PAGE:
Adherence was calculated for each calendar month as the proportion of patients days categorized as adherent. First the proportion of days covered (PDC)33 was calculated for each patient by dividing the number of days on which the patient had a ß-blocker supply available by the number of cohort membership days the patient contributed in that calendar month. Based on their PDC, patients were then classified as adherent in that month if their PDC was larger than 0.80, a somewhat arbitrary but widely used threshold.34-36 The numerator of the PDC measure was calculated by creating a ß-blocker supply diary for each patient day by stringing together consecutive ß-blocker dispensings based on dispensing dates and reported “days supply.”37 When a dispensing occurred before the previous prescription should have run out, utilization of the new prescription was assumed to begin the day after the end of the old prescription and days supply were accumulated. If a dispensing caused a patient's accumulated supply to exceed 180 days, accumulated supply was truncated at 180 days. Discontinuation was defined as failing to fill a new ß-blocker prescription within 90 days of exhausting a previous prescription. The discontinuation date was the end of the previous prescription.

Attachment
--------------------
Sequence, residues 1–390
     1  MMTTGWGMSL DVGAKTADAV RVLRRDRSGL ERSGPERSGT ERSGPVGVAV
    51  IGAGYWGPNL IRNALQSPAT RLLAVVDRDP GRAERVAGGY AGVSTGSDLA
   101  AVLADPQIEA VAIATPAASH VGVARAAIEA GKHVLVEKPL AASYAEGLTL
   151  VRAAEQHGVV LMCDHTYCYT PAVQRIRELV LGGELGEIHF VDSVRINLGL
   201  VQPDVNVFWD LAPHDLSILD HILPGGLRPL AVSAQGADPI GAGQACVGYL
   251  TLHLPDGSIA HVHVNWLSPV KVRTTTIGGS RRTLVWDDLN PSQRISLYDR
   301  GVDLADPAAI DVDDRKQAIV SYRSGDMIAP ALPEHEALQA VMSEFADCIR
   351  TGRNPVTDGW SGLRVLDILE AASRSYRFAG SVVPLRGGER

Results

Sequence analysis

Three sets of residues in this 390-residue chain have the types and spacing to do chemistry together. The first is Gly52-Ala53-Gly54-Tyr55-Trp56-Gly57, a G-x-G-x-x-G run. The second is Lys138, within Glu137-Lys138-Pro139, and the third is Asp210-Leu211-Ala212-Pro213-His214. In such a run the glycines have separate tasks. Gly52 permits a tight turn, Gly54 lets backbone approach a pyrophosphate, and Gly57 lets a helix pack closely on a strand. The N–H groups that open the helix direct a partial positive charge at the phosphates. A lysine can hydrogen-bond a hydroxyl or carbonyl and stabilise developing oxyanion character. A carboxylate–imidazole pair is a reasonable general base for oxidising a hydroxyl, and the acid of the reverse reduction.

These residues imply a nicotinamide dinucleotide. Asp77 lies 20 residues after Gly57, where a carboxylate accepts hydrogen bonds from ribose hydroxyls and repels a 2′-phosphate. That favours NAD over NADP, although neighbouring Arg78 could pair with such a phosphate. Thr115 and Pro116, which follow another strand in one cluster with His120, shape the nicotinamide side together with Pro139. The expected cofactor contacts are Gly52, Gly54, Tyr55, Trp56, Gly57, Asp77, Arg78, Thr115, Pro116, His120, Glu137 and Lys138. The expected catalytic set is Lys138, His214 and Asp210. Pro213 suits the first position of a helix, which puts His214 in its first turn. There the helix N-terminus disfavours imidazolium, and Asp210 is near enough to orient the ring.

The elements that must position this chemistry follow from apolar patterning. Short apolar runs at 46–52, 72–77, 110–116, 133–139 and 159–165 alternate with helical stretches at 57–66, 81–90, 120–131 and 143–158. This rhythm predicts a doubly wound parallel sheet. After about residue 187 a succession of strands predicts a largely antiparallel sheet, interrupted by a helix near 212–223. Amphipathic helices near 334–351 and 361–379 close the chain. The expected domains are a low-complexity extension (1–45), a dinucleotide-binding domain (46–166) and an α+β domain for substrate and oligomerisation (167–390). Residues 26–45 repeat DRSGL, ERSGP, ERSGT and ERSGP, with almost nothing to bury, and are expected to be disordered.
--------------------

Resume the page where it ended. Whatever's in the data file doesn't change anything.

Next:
The denominator of the PDC measure was the number of days the patient contributed in that calendar month. Residents who left the province or died were censored from the denominator on their date of death or at the end of their enrollment in the British Columbia Medical Services Plan.

Patient Characteristics